November 17, 2009

It's Just Actor Sex

One of my favorite magazine subscriptions, The Week, an aggregate publication which pulls the very best articles from around the world to create their own multi-sided editorial arguments recently re-ran a very interesting article written by Gina Piccalo for LA Magazine.

It details the collateral damage of actors with on-screen love interests, and how that affects their real-life relationships. The interesting thing about this article is that these people are affected the same way you know YOU would be in the same role. You would feel super awkward kissing someone else. And your spouse would hate it.

For some reason, I was under the impression that since these people are actors, that they're able to easily separate acting from their real lives. But, after reading this article, I think that's just something they have to tell themselves. Because they're human. And practicing being in love with someone for hours on end each day does create a bond. (think Brad Pitt / Angelina Jolie)

And now, I no longer want to see love scenes between people who aren't in real-life relationships. But, I'm a realist, and I understand the effect that would have on digital entertainment. But, I also remember the first two seasons of The Office. The Jim/Pam relationship had some of the most romantic moments I've ever seen. And no touching took place. (Note: It was after the Jim/Pam relationship became hands-on in the show that Jenna Fischer, the actor who played Pam, separated from her husband) (Note #2: I also know that bonds can be/are formed without physical contact...but I don't have an answer to that one yet.)

So, rather than looking at a lack of touching as a roadblock to good television, perhaps producers should see it as an opportunity to create true romantic moments?


LizM said...

Perhaps. But look at all the marriages that have broken up as a result of cyber affairs. No touching going on there.

Eric Olsen said...

i'm with you there. but these are examples of people who AREN'T seeking out affairs, but where contact and practicing emotions creates the bond.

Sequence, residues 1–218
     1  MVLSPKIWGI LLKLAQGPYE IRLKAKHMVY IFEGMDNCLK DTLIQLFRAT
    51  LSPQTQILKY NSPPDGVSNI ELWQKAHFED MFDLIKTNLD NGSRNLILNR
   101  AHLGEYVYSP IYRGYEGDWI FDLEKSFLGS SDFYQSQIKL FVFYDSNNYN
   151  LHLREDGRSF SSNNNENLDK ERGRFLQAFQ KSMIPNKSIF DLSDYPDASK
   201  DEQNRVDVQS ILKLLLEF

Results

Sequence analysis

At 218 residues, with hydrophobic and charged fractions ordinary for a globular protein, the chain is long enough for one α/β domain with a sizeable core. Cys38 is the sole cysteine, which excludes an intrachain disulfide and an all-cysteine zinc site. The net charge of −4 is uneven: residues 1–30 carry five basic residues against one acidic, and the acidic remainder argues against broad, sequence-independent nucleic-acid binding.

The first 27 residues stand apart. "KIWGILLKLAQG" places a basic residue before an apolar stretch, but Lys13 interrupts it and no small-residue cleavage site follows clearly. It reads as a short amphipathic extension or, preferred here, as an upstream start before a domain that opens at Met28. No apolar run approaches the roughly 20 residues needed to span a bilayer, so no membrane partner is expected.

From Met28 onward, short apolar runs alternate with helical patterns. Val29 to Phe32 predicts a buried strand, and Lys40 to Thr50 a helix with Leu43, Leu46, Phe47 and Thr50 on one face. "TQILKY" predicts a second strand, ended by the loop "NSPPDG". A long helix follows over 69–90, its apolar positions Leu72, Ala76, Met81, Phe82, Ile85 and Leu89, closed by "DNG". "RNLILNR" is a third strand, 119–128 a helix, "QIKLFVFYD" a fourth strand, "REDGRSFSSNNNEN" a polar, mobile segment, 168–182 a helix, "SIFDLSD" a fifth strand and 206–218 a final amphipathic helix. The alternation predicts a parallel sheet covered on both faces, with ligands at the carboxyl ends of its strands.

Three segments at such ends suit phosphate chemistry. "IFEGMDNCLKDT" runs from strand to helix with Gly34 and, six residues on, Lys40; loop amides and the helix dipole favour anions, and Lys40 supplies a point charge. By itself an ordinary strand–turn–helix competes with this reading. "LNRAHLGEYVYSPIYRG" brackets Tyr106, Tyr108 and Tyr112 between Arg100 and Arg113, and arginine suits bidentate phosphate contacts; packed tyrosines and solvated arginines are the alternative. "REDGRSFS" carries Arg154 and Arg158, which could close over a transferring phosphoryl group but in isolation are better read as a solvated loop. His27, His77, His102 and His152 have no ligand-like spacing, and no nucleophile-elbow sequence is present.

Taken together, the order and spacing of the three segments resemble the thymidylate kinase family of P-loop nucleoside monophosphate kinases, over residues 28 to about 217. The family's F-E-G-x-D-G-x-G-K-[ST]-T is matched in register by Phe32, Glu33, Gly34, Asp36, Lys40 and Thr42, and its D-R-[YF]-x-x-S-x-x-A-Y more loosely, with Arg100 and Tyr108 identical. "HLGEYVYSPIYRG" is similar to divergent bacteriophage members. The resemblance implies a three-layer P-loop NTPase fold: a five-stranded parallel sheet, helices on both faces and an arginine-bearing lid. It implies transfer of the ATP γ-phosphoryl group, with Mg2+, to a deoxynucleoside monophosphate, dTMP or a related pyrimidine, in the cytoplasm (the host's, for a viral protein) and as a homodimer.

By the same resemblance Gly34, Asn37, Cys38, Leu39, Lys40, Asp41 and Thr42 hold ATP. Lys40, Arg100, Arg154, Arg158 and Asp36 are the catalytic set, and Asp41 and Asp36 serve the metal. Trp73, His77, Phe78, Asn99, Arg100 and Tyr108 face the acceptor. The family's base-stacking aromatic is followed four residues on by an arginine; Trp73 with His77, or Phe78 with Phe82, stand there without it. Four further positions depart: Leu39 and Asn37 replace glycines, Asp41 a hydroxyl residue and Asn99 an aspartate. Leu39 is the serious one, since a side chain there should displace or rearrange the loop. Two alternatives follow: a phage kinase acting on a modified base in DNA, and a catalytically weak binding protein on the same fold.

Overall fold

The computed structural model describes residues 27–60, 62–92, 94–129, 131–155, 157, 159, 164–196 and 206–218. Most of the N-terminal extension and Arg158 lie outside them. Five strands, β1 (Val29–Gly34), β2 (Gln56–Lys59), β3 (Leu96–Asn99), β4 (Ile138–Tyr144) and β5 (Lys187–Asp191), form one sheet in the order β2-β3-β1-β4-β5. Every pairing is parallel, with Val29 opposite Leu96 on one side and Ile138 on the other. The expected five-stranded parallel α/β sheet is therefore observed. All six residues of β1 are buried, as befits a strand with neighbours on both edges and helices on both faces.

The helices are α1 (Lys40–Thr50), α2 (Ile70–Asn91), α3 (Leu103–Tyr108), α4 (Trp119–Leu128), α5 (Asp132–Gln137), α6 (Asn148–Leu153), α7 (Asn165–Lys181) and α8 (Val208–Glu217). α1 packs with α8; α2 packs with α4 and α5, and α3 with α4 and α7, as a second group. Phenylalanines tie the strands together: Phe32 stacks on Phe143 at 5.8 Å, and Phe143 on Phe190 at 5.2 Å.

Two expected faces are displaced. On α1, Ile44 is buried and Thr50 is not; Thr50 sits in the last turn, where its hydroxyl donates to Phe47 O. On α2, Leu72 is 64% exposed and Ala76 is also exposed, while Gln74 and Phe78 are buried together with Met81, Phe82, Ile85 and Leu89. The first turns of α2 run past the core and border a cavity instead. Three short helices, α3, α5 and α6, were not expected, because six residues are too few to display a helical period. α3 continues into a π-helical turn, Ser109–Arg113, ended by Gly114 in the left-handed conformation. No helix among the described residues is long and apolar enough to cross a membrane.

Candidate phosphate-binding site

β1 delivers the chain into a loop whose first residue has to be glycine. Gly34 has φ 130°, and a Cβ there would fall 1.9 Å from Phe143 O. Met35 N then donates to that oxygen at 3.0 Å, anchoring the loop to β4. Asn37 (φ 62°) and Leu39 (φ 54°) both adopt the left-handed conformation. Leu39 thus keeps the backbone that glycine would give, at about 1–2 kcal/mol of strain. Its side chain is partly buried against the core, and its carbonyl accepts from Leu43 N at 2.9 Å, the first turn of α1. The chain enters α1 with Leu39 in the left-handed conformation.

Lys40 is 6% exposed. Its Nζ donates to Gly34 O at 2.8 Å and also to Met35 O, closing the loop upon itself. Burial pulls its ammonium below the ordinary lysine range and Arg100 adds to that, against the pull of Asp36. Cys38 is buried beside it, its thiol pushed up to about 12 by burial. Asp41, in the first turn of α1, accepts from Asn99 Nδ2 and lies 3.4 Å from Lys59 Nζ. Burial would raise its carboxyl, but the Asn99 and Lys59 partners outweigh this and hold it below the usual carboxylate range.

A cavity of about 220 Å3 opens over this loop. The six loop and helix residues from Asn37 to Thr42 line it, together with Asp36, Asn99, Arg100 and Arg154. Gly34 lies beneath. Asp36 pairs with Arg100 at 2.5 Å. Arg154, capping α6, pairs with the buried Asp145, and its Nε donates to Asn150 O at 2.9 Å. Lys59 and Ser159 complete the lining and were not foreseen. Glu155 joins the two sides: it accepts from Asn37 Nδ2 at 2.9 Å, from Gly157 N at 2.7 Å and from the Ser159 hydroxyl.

LizM said...

I give you that. But let's also remember the demographic we are talking about. These are typically narcissistic, under-educated people whose divorce/break up/attention span rate seems to equal that of cats.

And I hope to God my actress daughter isn't reading this....

Cari M said...

So, I was just catching up on your blog and noticed this one and had to comment...and not just because my mother is bashing actors ;-).

It has been my experience with stage acting (seeing as I have pretty limited film experience, and none in a romantic capacity) that when 2 single people play romantic opposites, there is a certain type who ALWAYS falls for their counterpart, and its almost always the man persuing the woman. In cases when people are in relationships, it tends to only be when someones relationship is already having issues that this becomes a problem OR the actors boyfriend/girlfriend has jealousy issues. In theater, its even worse because you may rehearse a love scene 20 times before the curtain even goes up. So, its a little of both.

The last two summers I have been at summerstock and was paired with the same person for 2 of the shows as a couple, and granted, it may have been because we were both in relationships, but there was NO chemistry between us. We are still very good friends (he lives in NY), but if the chemistry isn't there, you can't make it out of nothing. But it certainly happens more than you think!

Eric Olsen said...

so, IF you got paired w/ a hottie one play, do you think that could have a negative effect on your outside relationship?